I was recently informed about a book by Yoni Freedhoff called "The Diet Fix: Why Diets Fail and How to Make Yours Work." I didn't read the book, but it seems that it includes some refreshing ideas that you people can exploit:
1) Most diets fail, because they involve an element of suffering, and as such are not really realistic. It's possible to lose weight, while enjoying a bit of chocolate (Freedhoff actually prescribes chocolate to patients with lots of craving). It's not either eat it or don't eat it - the key is consistency, with a little bit of effort at a time.
2) The book seems to focus on tricks about good habit forming (e.g., how to avoid habits that lead to weight gain, how to avoid turning craving into binges), instead of the "follow-this-diet" approach.
3) In a radio interview to CBC the Current, Freedhoff talked about Canada's Food Guide being actually harmful because:
- It makes no distinction between fruit juice and fruit. The former is a sugary drink, the latter is not. It doesn't make sense to me why would we pay more to get less healthy. Freedhoff mentioned that Australia's Food Guide does make that distinction clear.
- It recommends minimum intake of foods of different categories. Freedhoff claims that this can lead to an overconsumption of calorie (that's not to say weight control is only about consuming less calorie and exercise more, but calorie does play a role)
- It does not explicitly mention the elimination of trans fat.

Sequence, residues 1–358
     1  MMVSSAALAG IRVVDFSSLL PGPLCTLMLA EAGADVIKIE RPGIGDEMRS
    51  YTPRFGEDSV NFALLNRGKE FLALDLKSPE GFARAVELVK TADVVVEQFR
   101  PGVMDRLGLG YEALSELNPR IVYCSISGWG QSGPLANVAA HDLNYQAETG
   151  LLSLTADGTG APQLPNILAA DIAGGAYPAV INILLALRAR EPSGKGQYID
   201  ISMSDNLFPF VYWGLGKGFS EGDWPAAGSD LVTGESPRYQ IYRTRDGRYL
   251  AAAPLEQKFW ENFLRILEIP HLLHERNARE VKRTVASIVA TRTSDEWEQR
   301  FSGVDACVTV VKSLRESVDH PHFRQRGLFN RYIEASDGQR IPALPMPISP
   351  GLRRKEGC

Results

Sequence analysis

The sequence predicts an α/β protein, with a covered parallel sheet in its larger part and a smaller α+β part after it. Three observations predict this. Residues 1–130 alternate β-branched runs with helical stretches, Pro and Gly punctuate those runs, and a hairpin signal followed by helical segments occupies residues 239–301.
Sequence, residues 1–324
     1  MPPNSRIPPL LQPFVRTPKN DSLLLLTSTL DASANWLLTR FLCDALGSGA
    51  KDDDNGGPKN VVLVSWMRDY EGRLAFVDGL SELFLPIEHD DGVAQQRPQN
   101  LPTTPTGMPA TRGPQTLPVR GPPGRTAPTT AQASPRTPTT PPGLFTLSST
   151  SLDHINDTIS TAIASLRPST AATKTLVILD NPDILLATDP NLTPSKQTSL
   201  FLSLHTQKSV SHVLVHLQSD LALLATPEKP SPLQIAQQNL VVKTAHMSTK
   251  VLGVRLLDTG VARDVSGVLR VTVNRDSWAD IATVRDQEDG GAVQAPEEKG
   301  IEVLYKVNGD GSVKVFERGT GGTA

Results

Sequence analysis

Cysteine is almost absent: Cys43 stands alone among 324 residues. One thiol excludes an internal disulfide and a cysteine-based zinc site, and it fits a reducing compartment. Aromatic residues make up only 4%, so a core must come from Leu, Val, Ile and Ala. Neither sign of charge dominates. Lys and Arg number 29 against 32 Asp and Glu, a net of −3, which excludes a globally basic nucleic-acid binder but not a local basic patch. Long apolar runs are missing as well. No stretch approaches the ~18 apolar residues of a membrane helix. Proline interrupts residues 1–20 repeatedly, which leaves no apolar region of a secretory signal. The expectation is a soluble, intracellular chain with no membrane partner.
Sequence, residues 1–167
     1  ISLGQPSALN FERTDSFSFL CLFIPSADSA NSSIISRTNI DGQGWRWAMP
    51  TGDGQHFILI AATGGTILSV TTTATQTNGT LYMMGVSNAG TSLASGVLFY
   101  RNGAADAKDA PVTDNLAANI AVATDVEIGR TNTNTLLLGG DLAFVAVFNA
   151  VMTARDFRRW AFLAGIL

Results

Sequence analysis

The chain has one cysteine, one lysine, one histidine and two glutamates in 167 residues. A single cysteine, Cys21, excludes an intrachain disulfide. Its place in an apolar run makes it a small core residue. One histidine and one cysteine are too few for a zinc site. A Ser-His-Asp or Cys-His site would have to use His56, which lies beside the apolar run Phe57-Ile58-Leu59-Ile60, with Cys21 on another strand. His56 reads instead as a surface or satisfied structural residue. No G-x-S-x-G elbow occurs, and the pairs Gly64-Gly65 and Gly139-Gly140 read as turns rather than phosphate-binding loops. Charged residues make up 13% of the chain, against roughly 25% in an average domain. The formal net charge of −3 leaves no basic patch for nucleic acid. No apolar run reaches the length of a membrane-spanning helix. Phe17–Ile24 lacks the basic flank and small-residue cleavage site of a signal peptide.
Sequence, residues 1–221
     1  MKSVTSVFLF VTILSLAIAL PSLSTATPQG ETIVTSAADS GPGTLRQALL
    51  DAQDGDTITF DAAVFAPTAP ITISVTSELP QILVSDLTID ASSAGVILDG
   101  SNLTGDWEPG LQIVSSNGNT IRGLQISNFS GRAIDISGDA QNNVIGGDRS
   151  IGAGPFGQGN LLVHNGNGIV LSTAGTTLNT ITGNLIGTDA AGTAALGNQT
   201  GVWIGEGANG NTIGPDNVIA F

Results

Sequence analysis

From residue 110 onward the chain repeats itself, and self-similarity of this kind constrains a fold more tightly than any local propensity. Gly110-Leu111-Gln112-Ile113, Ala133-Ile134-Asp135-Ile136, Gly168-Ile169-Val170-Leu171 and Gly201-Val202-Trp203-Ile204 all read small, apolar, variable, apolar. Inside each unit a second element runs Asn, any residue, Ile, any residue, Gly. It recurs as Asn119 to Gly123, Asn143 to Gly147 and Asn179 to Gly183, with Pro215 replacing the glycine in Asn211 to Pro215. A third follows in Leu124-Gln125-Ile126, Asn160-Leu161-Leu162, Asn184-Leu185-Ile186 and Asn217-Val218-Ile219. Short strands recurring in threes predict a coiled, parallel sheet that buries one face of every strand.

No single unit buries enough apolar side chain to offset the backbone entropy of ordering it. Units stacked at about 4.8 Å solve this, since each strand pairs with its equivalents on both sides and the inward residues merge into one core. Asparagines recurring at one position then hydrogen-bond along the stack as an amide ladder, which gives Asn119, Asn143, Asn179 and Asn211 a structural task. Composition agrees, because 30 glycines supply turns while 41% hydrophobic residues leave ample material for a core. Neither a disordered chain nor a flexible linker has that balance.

- Food industry professionals were consulted in the preparation of the Food Guide. Some of them sat in the Advisory Board. Freedhoff made an emphasis that Canada's Food Guide is not a "social service" - It's a way to promote the economic stability of food industry.
He then claimed that instead of following Northamerican food guides, we should look at Brazil's food guide, which encourages cooking from fresh produces, avoiding food industry and processed food. Ironic isn't it.
4) Another emphasis is on fostering a healthy food environment that creates good habits. Surrounds yourself with treats and the craving might just keep going.
5) Not sure about this. He might have talked about using protein intermittently to control craving. Some people forego of all "forbidden" food, only to find themselves eating non-stop afterwards.
6) Our culture promotes weight loss and condemns weight gain. Freedhoff explained that everyone is different and that neither bathroom scale or body mass index can accurate represent one's condition of health. He also talked about everyone having their own ideal personal weight, which is not necessarily the one promoted by our media or doctors.
I hope it's helpful. Here's a link:http://www.goodreads.com/book/show/17737058-the-diet-fix